British Call for Massive Reform, But Reject Legalization -- for Now
The latest addition to the ever-growing debate over British drug policy came this week as the parliamentary Home Affairs Select Committee studying current policy released its long-awaited report, "The Government's Drugs Policy: Is It Working?" The Members of Parliament (MPs) on the committee undertook 10 months of hearings before issuing its report on Wednesday. While the MPs recommended significant drug policy reforms across-the-board and called for "a major shake-up," they balked at going the extra step and calling for legalization -- even of cannabis.
In all, the report makes 24 specific recommendations for change, among the most notable of which are:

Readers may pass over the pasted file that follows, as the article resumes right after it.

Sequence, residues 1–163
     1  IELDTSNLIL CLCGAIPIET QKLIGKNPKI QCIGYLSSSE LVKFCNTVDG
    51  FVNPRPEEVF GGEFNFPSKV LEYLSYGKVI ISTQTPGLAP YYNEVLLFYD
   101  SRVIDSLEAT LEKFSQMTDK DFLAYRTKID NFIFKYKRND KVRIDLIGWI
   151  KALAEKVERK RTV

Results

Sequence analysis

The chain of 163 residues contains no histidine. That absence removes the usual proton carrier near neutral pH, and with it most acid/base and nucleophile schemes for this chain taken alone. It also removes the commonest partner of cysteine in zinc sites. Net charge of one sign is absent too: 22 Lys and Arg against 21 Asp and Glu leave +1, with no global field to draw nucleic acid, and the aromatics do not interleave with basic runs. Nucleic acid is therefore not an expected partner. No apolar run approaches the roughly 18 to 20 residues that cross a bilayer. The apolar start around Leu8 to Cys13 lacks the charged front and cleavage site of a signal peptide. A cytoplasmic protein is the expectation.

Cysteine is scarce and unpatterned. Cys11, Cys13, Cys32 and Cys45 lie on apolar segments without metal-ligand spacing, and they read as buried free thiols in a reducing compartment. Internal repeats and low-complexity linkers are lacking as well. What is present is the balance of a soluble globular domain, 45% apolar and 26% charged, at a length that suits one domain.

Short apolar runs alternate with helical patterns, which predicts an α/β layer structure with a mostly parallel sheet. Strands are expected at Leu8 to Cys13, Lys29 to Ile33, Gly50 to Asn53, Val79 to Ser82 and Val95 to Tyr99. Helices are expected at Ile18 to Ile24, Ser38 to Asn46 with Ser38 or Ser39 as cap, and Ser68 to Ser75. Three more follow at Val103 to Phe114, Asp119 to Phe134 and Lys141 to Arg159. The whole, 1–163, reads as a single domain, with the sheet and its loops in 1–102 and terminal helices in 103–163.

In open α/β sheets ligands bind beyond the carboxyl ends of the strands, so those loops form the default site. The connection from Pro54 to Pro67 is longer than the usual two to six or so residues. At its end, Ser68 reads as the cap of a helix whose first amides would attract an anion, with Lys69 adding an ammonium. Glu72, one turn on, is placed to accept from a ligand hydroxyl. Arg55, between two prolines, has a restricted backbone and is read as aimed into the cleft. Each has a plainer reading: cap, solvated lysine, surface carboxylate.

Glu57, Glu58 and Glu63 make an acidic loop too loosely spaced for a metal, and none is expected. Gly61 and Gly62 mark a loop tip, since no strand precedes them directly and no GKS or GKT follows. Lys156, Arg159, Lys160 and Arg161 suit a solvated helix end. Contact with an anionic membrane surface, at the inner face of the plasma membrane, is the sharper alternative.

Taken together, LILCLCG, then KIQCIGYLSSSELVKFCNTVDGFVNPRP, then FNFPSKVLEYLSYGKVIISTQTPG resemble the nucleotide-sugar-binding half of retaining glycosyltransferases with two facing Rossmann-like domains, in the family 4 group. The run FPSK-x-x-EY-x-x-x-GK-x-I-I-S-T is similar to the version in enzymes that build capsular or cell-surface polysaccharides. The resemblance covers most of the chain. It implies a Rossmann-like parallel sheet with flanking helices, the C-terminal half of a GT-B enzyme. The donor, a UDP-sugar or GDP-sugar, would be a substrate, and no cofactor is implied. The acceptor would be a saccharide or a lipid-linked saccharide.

Reclassification of cannabis and ecstasy: "We believe that drugs policy should primarily be addressed to dealing with the 250,000 problematic drug users. We support... the Home Secretary's proposal to reclassify cannabis from class B to class C. We... recommend that ecstasy is reclassified as a class B drug." Heroin: "We recommend that the Government substantially increases the funding for treatment for heroin addicts and ensure that methadone treatments and complementary therapies are universally available to those who need them. We recommend that appropriate treatment forms a mandatory part of custodial sentences and that offenders have access to consistent treatment approaches within the prison estate as well as outside it. This should include strictly supervised methadone treatment in the first instance. We recommend that a proper evaluation is conducted of diamorphine [medical heroin] prescribing for heroin addiction in the UK... as compared with methadone prescribing regimes. We recommend that the guidance and training provided to practitioners prescribing diamorphine to heroin addicts is strengthened." Cocaine: "We recommend that the number of treatment places for cocaine users is substantially increased. We recommend that resources are channeled into researching and piloting innovative treatment interventions. We consider that the risks posed by cocaine to the user and to other people merit it remaining a class A drug. We recommend that more treatment places are created for crack users and that resources be channeled into researching and piloting more effective treatments. We further recommend that in the meantime efforts are redoubled to extinguish supply of crack cocaine. Where crack is concerned we see no prospect for compromise." Safe Injection Sites: "We recommend that an evaluated pilot programme of safe injecting houses for heroin users is established without delay and that if... this is successful, the programme is extended across the country. We conclude that the Dutch and Swiss evidence provides a strong basis on which to conduct a pilot here in Britain of highly structured heroin prescribing to addicts." Drug Education: "We believe that all drugs education material should be based on the premise that any drug use can be harmful, and should be discouraged. We conclude that general practitioners are, for the most part, inadequately trained to deal with drug misuse. We recommend that training in substance misuse is embedded in the undergraduate medical curriculum and postgraduate general practice curriculum." Social Dealing: "We recommend that a new offence is created of 'supply for gain,' which would be used to prosecute large-scale commercial suppliers. We are not persuaded that an intent to supply should be presumed on the basis of amounts of drugs found; we therefore recommend that the offences of simple possession and possession with intent to supply should be retained." Harm Reduction Workers and the Law: "We recommend that the Government reviews Section 9A of the Misuse of Drugs Act 1971, with a view to repealing it, to allow for the provision of drugs paraphernalia which reduces the harm caused by drugs. We recommend that Section 8 of the Act is amended to ensure that drugs agencies can conduct harm reduction work and provide safe injecting areas for users without fear of being prosecuted. We recommend that the Home Office and Department of Health urgently review the current legal framework on the dispensation of controlled drugs by community pharmacists. We recommend that Drug Abstinence Orders are amended to carry the requirement of access to treatment." Legalization: "While acknowledging that there may come a day when the balance may tip in favour of legalising and regulating some types of presently illegal drugs, we decline to recommend this drastic step. We accept that to decriminalise possession of drugs for personal use would send the wrong message to the majority of young people... and that it would inevitably lead to an increase in drug abuse. We, therefore, reject decriminalisation. We recommend that the Government initiates a discussion within the [United Nations] Commission on Narcotic Drugs of alternative ways -- including the possibility of legalisation and regulation -- to tackle the global drugs dilemma."